This statement is a summary of life really, for when we look back, it can help inform how to go forwards. And also, the past has so much to do with what shaped up to be who we are today and also informs how (easily) we can go forwards.
Without a doubt this statement summarizes any kind of therapeutic intervention too. The past is what shaped our present and future, and by understanding it in the mind, and working through its traces left in the body and nervous system, it gives momentum and understanding for going forward.
The past and the future go together. They aren’t separate. I like to say, “The past is the present until it’s made conscious.”
In traditional talk therapies, it’s known that one usually talks about the past. Getting an understanding can already change a lot, and for some the act of talking and being listened to is the healing that needs to take place. Working with a body-oriented therapy works with the words, but also with the unconscious imprints left in the body and the body's reactions while conducting a session. These are viewed as traces of the past showing up in responses.
Our body is the unconscious in a physical form. Our body is the past really, and this is why body-oriented therapies exist and are now getting more and more recognition. Understanding in the mind is helpful and important, but it doesn’t include what’s happened to and in the body as a result. Working with the mind alone will not heal the body, but they can both be considered to heal each other and to connect them again.
Some call a constellation a “brief therapy”, as it’s a specific subject that leads one to seek out a constellation. That constellation might be enough to go forward; it might inform your way forward, or it might show you the next step to take. Either way, we are looking back to be able to go forward. There is no other reason to do it. The question is, what grip does the past have on me that influences my present and my ability to go forward?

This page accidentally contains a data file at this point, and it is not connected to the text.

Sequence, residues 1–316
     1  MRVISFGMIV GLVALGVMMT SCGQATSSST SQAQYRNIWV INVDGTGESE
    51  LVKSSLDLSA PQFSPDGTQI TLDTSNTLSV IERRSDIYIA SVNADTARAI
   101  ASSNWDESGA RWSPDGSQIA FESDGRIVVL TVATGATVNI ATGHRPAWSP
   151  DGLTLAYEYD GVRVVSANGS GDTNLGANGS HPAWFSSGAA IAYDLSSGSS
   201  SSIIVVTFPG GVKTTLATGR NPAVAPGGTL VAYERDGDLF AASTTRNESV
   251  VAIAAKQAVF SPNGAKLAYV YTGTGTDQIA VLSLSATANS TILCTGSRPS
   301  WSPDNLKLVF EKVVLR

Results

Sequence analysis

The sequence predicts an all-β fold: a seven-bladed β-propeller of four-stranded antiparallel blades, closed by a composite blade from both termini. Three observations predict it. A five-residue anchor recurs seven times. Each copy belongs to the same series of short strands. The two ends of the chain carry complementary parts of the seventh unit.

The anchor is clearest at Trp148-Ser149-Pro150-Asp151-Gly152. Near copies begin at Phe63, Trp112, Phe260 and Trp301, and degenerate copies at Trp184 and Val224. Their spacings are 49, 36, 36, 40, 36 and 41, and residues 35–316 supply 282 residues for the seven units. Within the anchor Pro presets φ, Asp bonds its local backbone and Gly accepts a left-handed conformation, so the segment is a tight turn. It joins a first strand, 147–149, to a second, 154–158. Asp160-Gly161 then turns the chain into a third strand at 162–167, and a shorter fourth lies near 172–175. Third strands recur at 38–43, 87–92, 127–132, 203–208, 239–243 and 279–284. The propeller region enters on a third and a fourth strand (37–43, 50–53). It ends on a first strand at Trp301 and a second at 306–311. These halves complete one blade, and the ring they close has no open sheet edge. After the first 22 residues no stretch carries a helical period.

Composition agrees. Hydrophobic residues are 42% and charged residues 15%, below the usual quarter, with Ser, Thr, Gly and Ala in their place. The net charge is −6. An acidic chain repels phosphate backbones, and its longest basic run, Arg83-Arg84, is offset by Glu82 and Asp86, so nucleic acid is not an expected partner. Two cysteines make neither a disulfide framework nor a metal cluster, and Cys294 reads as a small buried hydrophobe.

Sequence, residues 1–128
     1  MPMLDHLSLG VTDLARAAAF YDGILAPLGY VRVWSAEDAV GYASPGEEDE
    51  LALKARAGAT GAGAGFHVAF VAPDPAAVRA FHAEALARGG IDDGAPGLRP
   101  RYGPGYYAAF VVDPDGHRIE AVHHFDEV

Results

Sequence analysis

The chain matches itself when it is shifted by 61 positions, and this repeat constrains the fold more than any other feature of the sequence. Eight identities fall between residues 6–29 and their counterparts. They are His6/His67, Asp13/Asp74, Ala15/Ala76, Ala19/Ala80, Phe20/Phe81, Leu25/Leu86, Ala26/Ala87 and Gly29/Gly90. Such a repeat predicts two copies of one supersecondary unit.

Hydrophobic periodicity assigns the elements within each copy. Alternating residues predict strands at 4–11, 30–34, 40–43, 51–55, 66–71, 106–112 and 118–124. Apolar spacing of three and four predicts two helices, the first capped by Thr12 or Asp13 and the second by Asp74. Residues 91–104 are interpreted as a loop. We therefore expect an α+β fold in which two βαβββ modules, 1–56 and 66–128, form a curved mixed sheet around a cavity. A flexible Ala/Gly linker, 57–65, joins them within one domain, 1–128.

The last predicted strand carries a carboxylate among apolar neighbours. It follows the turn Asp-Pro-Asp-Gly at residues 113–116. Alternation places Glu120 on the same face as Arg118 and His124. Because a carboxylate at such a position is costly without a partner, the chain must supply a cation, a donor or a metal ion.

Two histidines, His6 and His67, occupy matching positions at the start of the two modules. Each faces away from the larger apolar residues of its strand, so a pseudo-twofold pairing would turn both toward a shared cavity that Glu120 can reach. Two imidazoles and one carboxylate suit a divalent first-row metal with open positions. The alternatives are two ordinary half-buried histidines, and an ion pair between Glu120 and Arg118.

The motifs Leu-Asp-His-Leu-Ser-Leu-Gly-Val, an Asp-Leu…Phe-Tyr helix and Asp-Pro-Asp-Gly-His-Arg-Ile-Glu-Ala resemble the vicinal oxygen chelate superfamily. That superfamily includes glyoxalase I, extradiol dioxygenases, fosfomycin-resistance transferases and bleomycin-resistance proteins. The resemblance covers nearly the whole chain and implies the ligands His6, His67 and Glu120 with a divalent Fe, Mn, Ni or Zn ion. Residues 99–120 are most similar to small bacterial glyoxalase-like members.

I don’t like to consider Constellations as therapy, although I can understand why some call it that. It’s therapeutic, but much different than therapy where the therapist uses their life experience, wisdom and professional training to guide a person, a Constellation is informed and led by the “Knowing Field,” and the therapist (referred to as a facilitator) facilitates the process. Therapy is often a linear process, starting form young life and working forward to the present, although this doesn’t always happen. This is just another way to say the past informs the way forward. A Constellation can go back several generations and go to your future self in one session. It’s as if time and space are condensed as I often say it. Another difference is that the relationship built between a client and their therapist is a critical element that relates to the success of therapy. Can trust be built where trust wasn’t there in the family of origin? Can the therapist lead a person forward despite the resistances that come up? There are many factors and many pages to talk about this topic. The purpose here is to delineate the similarities of the Constellation Path with that of therapy and a therapeutic alliance that is built.